SUMMARY OF THE INVENTION In accordance with one aspect of the present invention, a central station transmits a series of pulses of an interrogate frequency signal to multiple remote channels, preferably, though not necessarily, via a coaxial cable dedicated to the telemetering system. Each channel includes one or more transponders which count the interrogate frequency pulses and which are responsible for monitoring the state of one or more parameters. The monitored parameters in each channel are assigned numbers in a series corresponding to the series of interrogate pusles. The transponder sends back a pulse of either a first reply frequency signal or a second mechanical reply frequency signal according to the state of the monitored parameter having an assigned number corresponding to the current interrogate pulse. Each channel utilizes a different set of reply frequencies to permit maximum utilization of the range/frequency characteristics of the transmission medium. The reply pulses are transmitted, preferably, though not necessarily, via the dedicated coaxial cable to the central station where filters are provided to sort simultaneously received reply pulses according to the frequency of the pulsed signal.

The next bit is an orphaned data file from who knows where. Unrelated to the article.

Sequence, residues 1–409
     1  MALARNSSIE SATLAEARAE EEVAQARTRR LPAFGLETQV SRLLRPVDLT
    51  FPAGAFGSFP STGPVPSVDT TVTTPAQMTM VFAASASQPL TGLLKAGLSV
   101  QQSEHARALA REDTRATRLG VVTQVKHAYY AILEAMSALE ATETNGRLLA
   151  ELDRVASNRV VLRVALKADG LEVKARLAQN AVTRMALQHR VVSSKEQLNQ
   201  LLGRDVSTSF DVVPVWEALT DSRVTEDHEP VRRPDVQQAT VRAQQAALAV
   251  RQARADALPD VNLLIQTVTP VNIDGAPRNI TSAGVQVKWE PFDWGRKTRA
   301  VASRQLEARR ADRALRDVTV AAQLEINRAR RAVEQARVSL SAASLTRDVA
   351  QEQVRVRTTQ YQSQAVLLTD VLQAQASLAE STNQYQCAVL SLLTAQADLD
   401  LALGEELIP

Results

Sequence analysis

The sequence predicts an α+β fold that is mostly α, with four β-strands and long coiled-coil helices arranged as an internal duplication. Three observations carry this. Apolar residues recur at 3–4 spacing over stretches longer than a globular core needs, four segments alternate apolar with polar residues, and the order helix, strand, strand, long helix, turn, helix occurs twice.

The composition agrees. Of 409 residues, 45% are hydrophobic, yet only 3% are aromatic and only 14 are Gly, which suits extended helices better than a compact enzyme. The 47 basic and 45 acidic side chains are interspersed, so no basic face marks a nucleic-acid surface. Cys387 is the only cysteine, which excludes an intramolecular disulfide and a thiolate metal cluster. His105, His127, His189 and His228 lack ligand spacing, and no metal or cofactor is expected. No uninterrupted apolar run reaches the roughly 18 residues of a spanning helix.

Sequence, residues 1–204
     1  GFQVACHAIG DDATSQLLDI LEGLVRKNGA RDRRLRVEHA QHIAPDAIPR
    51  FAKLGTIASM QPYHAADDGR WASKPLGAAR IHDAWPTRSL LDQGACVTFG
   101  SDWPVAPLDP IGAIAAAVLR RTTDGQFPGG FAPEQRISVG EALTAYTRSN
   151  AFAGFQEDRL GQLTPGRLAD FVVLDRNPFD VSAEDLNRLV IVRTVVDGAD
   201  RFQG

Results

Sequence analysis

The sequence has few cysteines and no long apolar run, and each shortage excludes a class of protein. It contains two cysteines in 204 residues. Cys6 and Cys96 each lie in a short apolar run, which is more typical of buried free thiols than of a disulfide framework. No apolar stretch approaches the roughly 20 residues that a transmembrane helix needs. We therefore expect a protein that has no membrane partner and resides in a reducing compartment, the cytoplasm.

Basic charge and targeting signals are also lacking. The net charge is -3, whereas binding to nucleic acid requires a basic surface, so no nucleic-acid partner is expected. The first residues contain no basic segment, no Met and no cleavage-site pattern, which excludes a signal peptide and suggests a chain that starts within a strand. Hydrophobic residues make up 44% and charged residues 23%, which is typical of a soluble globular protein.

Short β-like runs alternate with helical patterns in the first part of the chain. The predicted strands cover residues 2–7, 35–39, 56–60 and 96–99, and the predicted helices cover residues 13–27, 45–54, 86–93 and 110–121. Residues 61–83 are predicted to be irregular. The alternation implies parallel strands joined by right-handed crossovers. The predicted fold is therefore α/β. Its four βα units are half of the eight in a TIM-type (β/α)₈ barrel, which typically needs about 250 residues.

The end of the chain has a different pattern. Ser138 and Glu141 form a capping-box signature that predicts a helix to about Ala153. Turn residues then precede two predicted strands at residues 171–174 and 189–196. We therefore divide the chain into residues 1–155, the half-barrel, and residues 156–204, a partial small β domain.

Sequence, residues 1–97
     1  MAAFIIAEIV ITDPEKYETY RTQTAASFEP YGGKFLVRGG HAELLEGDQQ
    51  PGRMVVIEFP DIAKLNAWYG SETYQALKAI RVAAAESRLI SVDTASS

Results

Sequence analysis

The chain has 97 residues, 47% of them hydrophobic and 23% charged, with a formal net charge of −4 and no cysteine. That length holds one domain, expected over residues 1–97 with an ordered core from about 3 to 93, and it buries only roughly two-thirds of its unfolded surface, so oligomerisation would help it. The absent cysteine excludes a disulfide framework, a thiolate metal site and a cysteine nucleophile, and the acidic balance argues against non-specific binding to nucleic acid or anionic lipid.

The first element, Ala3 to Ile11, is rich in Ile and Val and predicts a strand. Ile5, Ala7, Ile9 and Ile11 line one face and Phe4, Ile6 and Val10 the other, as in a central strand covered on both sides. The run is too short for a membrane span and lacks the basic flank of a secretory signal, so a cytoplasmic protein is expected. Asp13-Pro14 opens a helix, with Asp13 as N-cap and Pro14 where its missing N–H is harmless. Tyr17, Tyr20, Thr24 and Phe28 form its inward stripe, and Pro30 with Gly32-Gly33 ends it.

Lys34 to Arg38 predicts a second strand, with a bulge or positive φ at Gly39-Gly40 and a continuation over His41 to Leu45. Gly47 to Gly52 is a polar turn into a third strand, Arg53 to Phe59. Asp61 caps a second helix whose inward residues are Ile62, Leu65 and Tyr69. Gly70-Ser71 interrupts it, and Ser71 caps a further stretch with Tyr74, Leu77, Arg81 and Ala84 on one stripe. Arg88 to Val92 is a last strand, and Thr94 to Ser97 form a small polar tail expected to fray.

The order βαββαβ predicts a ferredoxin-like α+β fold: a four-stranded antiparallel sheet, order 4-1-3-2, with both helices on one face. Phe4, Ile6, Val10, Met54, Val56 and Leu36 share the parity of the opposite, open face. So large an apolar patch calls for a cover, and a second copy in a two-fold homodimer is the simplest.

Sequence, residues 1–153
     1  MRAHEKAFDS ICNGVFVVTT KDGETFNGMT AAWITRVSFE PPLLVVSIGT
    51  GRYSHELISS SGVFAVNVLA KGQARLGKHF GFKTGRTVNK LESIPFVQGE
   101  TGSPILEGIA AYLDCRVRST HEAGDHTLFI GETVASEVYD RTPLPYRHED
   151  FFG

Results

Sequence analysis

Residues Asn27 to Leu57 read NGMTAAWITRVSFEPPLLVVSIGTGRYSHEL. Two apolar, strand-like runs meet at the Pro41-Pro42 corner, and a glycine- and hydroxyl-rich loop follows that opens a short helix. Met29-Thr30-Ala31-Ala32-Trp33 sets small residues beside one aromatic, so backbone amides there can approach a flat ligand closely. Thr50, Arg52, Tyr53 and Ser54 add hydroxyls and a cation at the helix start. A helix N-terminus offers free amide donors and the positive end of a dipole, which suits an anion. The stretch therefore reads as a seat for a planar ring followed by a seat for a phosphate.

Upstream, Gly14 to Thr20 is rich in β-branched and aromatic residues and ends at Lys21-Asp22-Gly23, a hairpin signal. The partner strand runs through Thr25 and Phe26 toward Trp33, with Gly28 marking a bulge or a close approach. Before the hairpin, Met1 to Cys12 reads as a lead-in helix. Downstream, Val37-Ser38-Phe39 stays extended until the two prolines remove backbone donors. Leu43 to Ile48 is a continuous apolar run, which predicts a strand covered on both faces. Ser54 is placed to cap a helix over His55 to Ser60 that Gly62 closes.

In accordance with another aspect of the present invention a compact data display comprises a color television monitor having a viewing screen which is segmented into a grid of columns and rows. Each grid location represents a repective monitored parameter, the status of each parameter being represented by the color of its corresponding grid location.

In accordance with another aspect of the present invention, existing types of remote utility meters are monitored on an incremental basis whereby a switch is sequentially opened and closed for successive intervals of angular displacement of only one of the plural indicator dials of the meter. The telemetry system interrogates this parameter sufficiently often to preclude the possibility of the switch changing states more than once between interrogations. At the central station the current state of the switch is compared to the previous state and any change in state increments an accumulated count. The switch is preferably a magnetic reed placed on one side of an indicator dial, opposite a permanent magnet. A magnetic shield overlays half the dial permitting sequential opening and closing of the reed switch by the magnet for successive half cycles of the dial. Other means of producing a switch actuator related to rotation of the indicator dial are satisfactory, i.e., a cam actuated contact.